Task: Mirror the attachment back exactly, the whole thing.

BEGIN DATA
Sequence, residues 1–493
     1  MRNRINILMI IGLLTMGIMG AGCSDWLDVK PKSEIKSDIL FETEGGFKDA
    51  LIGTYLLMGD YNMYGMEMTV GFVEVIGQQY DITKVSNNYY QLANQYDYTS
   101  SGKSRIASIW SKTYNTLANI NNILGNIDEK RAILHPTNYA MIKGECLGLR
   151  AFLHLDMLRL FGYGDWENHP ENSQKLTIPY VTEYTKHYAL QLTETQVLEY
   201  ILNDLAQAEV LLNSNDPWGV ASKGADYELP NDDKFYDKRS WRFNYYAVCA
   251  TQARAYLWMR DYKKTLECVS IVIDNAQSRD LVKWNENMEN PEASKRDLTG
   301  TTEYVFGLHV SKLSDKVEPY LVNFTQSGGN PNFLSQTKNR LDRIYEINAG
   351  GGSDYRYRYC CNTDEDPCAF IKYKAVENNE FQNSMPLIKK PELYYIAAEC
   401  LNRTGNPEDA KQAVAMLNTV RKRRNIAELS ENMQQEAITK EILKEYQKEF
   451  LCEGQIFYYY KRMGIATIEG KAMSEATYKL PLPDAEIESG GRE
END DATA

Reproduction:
Sequence, residues 1–493
     1  MRNRINILMI IGLLTMGIMG AGCSDWLDVK PKSEIKSDIL FETEGGFKDA
    51  LIGTYLLMGD YNMYGMEMTV GFVEVIGQQY DITKVSNNYY QLANQYDYTS
   101  SGKSRIASIW SKTYNTLANI NNILGNIDEK RAILHPTNYA MIKGECLGLR
   151  AFLHLDMLRL FGYGDWENHP ENSQKLTIPY VTEYTKHYAL QLTETQVLEY
   201  ILNDLAQAEV LLNSNDPWGV ASKGADYELP NDDKFYDKRS WRFNYYAVCA
   251  TQARAYLWMR DYKKTLECVS IVIDNAQSRD LVKWNENMEN PEASKRDLTG
   301  TTEYVFGLHV SKLSDKVEPY LVNFTQSGGN PNFLSQTKNR LDRIYEINAG
   351  GGSDYRYRYC CNTDEDPCAF IKYKAVENNE FQNSMPLIKK PELYYIAAEC
   401  LNRTGNPEDA KQAVAMLNTV RKRRNIAELS ENMQQEAITK EILKEYQKEF
   451  LCEGQIFYYY KRMGIATIEG KAMSEATYKL PLPDAEIESG GRE